Mindfulness Can Help in Stressful Times

Calming your anxiety enables you to take better care of yourself and others

Mental & Behavioral Health December 6, 2019
mindful stressful times

Anxiety in the time of COVID-19 is real: Many of us are worrying about our own health and the health of our loved ones, figuring out how to deal with social isolation and taking in a lot of news and information. And many of the usual ways we cope, like exercising at the gym or meeting up with friends for coffee, aren’t available.

To dial down anxiety and focus more effectively, mindfulness practice is a tool you can try on your own at home.

What is mindfulness?

Mindfulness practice is a way of calming both mind and body by responding to thoughts and emotions in the present moment, in a compassionate and nonjudgmental manner. Learn more about mindfulness practice.

"Our minds are naturally wired to take flight and get caught up in regrets about the past and worries about the future — a phenomenon called mind wandering," explains Angela Johnson, DACM, NSTOM, MPH, a Rush mindfulness expert and doctor of Chinese medicine. "That causes the stress response to kick in and make us anxious."

Using mindfulness techniques like meditation, focused breathing and mental imagery can help us become aware of mind wandering, Johnson says, and "kindly shift our attention to the present, instead of going down the rabbit hole about the past and future."

The benefits of mindfulness

The benefits of mindfulness, and of meditation in particular, have been documented by clinical research. It can help do the following:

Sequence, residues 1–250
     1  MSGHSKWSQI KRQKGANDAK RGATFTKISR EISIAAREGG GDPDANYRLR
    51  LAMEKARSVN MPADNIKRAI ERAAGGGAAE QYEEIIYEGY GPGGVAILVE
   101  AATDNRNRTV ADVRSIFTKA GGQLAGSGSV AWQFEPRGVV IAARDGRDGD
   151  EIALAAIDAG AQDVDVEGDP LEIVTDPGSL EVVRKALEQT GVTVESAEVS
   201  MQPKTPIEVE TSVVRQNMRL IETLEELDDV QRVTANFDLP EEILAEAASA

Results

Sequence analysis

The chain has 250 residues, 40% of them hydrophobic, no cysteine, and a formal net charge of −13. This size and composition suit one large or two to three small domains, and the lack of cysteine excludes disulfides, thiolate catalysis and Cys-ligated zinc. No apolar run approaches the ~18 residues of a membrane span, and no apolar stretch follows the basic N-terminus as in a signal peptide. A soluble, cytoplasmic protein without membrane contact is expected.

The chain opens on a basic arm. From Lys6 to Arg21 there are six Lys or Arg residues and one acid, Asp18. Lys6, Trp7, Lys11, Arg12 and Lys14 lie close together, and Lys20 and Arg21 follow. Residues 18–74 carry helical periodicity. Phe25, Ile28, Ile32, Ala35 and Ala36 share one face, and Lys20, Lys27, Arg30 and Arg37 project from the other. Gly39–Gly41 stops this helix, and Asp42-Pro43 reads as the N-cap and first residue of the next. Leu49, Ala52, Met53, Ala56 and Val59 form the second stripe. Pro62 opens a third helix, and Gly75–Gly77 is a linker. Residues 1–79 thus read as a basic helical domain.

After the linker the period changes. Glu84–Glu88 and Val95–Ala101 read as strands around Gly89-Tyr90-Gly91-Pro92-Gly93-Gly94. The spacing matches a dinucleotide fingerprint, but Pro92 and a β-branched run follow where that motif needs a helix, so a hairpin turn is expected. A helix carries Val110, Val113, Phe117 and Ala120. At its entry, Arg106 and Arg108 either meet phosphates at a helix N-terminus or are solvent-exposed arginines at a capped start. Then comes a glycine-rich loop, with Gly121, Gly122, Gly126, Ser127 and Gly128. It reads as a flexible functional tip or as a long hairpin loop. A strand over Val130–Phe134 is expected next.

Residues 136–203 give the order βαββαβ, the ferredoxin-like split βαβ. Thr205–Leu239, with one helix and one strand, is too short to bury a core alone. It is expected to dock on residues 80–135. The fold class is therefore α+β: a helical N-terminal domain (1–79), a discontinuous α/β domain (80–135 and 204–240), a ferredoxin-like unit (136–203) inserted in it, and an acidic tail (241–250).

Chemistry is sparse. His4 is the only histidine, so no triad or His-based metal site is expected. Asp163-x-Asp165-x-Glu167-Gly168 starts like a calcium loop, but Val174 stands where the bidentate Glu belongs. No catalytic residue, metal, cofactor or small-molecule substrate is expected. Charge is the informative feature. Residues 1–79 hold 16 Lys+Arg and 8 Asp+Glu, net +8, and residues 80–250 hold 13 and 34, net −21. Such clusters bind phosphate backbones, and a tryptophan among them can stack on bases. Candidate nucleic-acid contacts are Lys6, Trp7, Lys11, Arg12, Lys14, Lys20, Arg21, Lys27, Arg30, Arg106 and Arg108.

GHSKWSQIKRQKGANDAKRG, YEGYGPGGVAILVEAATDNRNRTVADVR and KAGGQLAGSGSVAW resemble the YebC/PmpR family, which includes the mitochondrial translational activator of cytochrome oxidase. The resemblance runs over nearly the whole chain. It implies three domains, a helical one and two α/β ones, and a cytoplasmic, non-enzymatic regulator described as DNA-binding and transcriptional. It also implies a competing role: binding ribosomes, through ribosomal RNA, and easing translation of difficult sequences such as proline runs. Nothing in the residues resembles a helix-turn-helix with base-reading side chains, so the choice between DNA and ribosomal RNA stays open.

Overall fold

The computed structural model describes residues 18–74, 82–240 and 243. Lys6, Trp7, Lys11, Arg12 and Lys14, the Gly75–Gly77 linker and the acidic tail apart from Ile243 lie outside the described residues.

• Boost memory
  • Improve focus
  • Decrease anxiety
  • Lower blood pressure
  • Enhance sleep
  • Reduce the effects of some chronic conditions
  • Decrease feelings of loneliness

And, Johnson says, it can help us be kinder to ourselves. "Instead of reacting to everything that happens, taking a mindful pause gives us a moment to respond in a more healthy way."

When you have a mindfulness habit, you can gently bring yourself back to where you want to be instead of stressing out.

When you have a mindfulness habit, you can gently bring yourself back to where you want to be instead of stressing out.

How to start a practice

Mindfulness practice often includes setting a daily intention that helps you get where you want to be: "Today, I'll move more," or "Today, I'll connect with friends by phone."

"One of the great things about mindfulness practice is that it doesn't require you to go anywhere special, or buy equipment, or join anything," Johnson says. "You can do it wherever you are, by yourself or with others."

But it is a practice, she emphasizes, and there are techniques to learn. Many community centers, senior centers and yoga studios also offer introductory classes, and apps like Headspace, Calm and 10% Happier provide guidance you can access anytime.

And if you stray from your intention?

Don't dwell on it, Johnson says. "It happens to everyone, but using the 'begin again' mantra may be helpful. When you have a mindfulness habit, you can gently bring yourself back to where you want to be instead of beating yourself up about a broken resolution."

Take a mindful moment

Taking a mindful moment can be as simple as doing a deep breathing exercise, which calms the sympathetic nervous system when you’re feeling anxious.

The 4-7-8 breathing technique can be helpful. Here’s how to do it:

  1. Exhale completely.
  2. Inhale gently through your nose while counting to 4.
  3. Hold your breath for a count of 7.
  4. Exhale forcefully through pursed lips, making a “whoosh” sound, while counting to 8.
  5. Repeat the cycle up to 4 times.

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